Thursday, April 30, 2009

Shuttle Shutdown Resumes Friday with Job Cuts

A phased shutdown of the space shuttle program resumes Friday with a reduction of about 160 manufacturing jobs, NASA officials said today.

By the end of September, 900 out of about 12,000 shuttle program jobs will be eliminated. About 400 of those cuts are layoffs, with the remainder attrition or workers shifted by contractors to different programs.

"They are primarily manufacturing team members, and we have delivered the last pieces of hardware that those team members produce, and we don't keep them on the rolls," Shuttle Program Manager John Shannon said during a news conference at Kennedy Space Center.

"And that is in order to get our budget down to the marks and the assumptions that we had made early on," Shannon added. "We will start tomorrow and continue with the workforce reduction that we had outlined."

Congress last year asked NASA to freeze that reduction process through April 30, 2009, to keep open the option of flying shuttles after a planned retirement of the fleet in September 2010.

The pause gave the incoming Obama administration an opportunity to change policy and add to the eight missions currently on the manifest.

Obama supports adding a ninth mission if it can be flown safely by the end of 2010. The mission would deliver the Alpha Magnetic Spectrometer physics experiment to the International Space Station.

But without an infusion of money for the 2010 fiscal year - for which a detailed budget is expected to be released soon - NASA said it had no choice but to continue its gradual shutdown of shuttle operations so it could fly out its remaining missions.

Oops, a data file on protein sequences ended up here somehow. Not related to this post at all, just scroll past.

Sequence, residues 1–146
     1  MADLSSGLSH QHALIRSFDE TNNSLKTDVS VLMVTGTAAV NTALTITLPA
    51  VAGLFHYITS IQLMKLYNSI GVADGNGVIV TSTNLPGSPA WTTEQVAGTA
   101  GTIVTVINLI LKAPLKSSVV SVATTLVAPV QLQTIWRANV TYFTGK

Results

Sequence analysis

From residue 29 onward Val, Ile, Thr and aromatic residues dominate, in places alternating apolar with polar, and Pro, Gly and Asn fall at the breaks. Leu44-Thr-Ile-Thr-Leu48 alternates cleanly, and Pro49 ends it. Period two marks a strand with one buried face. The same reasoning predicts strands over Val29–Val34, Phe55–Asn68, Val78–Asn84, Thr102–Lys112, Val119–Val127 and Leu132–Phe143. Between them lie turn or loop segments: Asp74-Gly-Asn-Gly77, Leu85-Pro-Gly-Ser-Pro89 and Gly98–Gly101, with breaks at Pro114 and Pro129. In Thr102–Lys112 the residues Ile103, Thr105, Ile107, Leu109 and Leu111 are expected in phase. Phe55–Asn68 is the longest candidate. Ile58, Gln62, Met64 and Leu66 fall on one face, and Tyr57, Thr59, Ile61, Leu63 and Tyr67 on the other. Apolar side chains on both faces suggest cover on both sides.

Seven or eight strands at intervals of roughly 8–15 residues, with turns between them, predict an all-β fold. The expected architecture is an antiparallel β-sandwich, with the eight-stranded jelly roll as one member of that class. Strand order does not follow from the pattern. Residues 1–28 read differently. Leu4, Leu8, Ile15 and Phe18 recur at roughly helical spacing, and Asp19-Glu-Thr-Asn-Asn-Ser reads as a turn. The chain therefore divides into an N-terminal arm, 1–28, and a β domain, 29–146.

"Only if we were directed to fly additional missions would we halt that activity," Shannon said.

The near-term job cuts will primarily affect facilities in New Orleans and Utah where the shuttle's external tanks and solid rocket booster, respectively, are manufactured.

Most jobs at KSC will be maintained to continue launching and processing shuttles. But the center faces the loss of an estimated 3,500 jobs once shuttles stop flying.

NASA plans to update Congress on job loss projections next month after releasing its budget.

Bill Gerstenmaier, associate administrator for space operations, said the shuttle program's plans were clear, but it was less certain how quickly jobs would ramp up for the shuttle's replacement program, called Constellation.

If $2.5 billion proposed recently by congress budget planners came through for the 2011 fiscal year, Gerstenmaier said it could allow shuttles to fly past 2010 if delays force slips in the current manifest.

Despite the shuttle program beginning to near its end, Shannon said it was a positive for NASA to transition to new goals in human spaceflight.

"At some point you have to decide whether what the shuttle was meant to do has been done, and I would submit that it has," Shannon said.

Hubble Space Telescope servicing missions and construction of the space station wouldn't have been possible without the shuttle, he noted.